Re-organized the forum to more cleanly delineate the development section, as the end user support side appears to have taken a life of its own!

Author Topic: How I develop  (Read 5659 times)

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June 12, 2011, 09:52:07 pm
As most of my posts so far have been technical in nature, I thought I'd post something different for a change.
This is a post of how my development hardware is laid out.

First up - I have a piece of board thats large enough to place parts down on.
There's nothing more annoying than having cables come out or pull something off, so I like to screw my equipment down in a secure way.  Spending the few minutes to screw things down securely make a world of difference!

I've mounted the main board semi securely using screws (around the edges!) and have my serial plugged into my TTL to RS232 adapter.  I've unmounted the top shell also and placed it to the right. 
To do that I've unplugged the left /right motor and the left / right position sensor.  I generally don't need that plugged in unless I'm testing that side of things, and the default firmware works fine with that unplugged.  It makes it easier to get at the mainboard if necessary also.

Going back to the serial side of things -
I have 2 mounted on my dev board - one is connected to a USB adaptor, another to serial cable.  Which one I use depends on what machine I'm on at the time. 

Generally I prefer the Serial as the USB has some timing issues occasionally. Its ok for shell stuff, but uploading firmware can be a bit iffy.

Where possible I've mounted stuff externally - eg wifi antenna.  No real need for that, but I thought I may as well as its one less cable to worry about.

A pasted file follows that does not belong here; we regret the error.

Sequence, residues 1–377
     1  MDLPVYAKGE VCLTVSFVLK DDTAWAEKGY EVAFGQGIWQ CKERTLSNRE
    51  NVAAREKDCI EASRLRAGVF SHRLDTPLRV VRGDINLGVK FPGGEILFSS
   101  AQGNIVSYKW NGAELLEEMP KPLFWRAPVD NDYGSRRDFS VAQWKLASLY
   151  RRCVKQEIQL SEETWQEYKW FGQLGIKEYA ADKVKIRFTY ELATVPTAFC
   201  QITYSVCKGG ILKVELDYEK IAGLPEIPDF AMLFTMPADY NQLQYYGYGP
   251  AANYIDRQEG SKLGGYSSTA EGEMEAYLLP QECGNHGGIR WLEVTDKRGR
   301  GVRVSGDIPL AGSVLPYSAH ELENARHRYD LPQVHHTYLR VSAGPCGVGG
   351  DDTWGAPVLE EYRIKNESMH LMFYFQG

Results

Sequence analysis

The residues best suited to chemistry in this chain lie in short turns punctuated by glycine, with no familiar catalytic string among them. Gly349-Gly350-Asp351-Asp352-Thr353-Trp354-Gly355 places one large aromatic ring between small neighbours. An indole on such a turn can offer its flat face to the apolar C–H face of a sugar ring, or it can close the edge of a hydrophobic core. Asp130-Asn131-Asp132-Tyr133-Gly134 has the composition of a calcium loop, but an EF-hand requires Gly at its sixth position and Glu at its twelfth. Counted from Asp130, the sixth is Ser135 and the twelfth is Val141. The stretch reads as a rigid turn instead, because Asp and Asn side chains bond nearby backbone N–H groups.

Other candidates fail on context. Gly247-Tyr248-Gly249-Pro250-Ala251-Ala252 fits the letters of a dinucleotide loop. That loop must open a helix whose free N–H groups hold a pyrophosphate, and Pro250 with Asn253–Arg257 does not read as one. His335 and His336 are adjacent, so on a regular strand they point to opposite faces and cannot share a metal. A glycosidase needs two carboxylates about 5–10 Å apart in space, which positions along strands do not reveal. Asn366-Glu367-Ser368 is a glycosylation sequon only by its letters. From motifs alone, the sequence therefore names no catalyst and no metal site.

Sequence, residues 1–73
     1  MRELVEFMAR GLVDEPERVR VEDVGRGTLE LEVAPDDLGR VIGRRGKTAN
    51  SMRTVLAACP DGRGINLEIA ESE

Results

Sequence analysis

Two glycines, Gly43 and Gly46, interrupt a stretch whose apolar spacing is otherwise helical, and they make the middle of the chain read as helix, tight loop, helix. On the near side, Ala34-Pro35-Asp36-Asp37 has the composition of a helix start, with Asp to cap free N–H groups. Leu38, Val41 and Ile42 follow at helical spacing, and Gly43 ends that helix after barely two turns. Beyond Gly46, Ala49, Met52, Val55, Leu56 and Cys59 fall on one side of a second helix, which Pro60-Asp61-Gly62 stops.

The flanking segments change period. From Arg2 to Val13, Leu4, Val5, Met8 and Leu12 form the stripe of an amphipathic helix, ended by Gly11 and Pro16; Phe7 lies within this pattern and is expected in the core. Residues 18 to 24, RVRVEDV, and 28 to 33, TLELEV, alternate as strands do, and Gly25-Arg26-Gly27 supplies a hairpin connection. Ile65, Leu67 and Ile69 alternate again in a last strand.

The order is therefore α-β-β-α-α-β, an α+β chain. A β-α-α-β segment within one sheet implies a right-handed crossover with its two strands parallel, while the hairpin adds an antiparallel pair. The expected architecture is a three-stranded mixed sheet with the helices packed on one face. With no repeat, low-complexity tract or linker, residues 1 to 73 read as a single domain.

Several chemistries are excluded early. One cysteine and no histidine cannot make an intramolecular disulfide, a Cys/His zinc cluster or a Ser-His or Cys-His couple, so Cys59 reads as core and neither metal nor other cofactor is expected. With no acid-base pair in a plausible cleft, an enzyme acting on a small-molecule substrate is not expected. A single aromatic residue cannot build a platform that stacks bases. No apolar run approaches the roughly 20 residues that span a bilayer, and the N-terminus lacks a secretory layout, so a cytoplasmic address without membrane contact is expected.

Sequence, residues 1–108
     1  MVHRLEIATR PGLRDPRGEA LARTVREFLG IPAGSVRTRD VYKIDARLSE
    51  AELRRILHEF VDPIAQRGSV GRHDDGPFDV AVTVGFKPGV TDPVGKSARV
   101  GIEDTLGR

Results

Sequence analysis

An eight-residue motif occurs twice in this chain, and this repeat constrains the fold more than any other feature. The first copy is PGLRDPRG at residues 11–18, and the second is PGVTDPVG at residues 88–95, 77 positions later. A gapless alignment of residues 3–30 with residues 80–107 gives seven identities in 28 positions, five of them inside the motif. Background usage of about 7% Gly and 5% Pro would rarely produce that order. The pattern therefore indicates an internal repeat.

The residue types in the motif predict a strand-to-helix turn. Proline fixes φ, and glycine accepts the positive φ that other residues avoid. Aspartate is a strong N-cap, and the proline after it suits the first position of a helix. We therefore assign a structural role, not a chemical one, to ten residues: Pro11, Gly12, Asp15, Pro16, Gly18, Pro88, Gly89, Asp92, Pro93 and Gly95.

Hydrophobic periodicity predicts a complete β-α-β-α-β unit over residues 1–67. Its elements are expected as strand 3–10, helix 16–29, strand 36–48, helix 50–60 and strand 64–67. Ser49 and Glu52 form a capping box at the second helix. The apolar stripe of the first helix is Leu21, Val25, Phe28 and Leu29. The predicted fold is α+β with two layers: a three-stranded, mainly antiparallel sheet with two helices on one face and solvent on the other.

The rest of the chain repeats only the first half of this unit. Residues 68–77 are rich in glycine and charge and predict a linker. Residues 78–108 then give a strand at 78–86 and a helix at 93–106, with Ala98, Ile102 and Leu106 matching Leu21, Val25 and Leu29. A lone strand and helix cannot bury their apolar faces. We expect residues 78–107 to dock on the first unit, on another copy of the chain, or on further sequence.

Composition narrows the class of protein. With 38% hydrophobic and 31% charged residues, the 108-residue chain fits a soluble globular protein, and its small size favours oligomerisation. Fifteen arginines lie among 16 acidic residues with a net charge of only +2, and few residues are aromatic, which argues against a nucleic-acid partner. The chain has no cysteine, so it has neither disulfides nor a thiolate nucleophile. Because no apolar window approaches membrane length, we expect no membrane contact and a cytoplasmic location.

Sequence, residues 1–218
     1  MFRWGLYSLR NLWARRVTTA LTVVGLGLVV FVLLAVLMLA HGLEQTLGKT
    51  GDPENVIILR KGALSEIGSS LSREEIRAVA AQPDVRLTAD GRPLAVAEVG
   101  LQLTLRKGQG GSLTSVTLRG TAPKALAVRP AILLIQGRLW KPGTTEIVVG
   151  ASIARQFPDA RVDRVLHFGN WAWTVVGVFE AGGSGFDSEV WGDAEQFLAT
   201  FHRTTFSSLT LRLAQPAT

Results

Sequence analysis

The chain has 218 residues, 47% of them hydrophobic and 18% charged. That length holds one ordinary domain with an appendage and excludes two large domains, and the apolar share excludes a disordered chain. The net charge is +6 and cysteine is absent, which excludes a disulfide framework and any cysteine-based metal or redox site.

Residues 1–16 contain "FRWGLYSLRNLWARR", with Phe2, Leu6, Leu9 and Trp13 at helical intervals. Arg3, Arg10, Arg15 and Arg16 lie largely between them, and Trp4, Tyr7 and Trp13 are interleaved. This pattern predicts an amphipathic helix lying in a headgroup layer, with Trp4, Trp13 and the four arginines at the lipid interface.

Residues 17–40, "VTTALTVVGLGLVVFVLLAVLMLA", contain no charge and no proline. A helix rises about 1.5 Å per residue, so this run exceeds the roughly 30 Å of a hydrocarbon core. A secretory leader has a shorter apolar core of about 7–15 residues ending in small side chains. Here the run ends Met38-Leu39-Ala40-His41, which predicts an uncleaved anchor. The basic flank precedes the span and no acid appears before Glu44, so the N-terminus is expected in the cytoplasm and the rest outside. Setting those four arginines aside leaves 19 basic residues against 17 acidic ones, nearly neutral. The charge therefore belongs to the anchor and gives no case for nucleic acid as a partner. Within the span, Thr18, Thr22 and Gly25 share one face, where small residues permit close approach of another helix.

You'll also note that I have 2 wifi boards.  I use both in development, as I need to test different drivers for hardware.
One is an RT3070, another is a VT6656

Power is directly at the back.  I probably should wire up a power on / off momentary switch for resets but for now I just yank the power on / off as needed.

The observant may note a black cable plugged into the alarm out.  Thats ground.  I found it easier to use the pin closest to power on the green connector for ground than the ground at the serial side.  Mostly as I don't quite have the right connectors for the pinsize used, and I keep forgetting to order some.  doh!

On the PC side I either use a Mac or Linux, connected via USB or Serial.
Both cables are long enough that I can put the development board in an appropriate position to do stuff with, and use the laptop.

My Linux box is a venerable T60^T62p  :P with a high resolution 15" LCD  (2048 x 1536)
Its a bit of a hodgepodge of hardware in that T60p shell but it works for what I need, plus I'm one of the few that own such a beast, although there is a thieving bastard in Cape Town that has one too (Rondebosch police suck - I found the laptop for sale, they did nothing...).

In Linux I use minicom to talk to the board.

minicom is relatively easy to use, and does XModem.  So its good for uploading firmware if you don't use TFTP.
My T6x has a proper serial port (in the basestation), so I connect via that.

Hope thats of interest to people :)

« Last Edit: June 12, 2011, 10:02:56 pm by admin »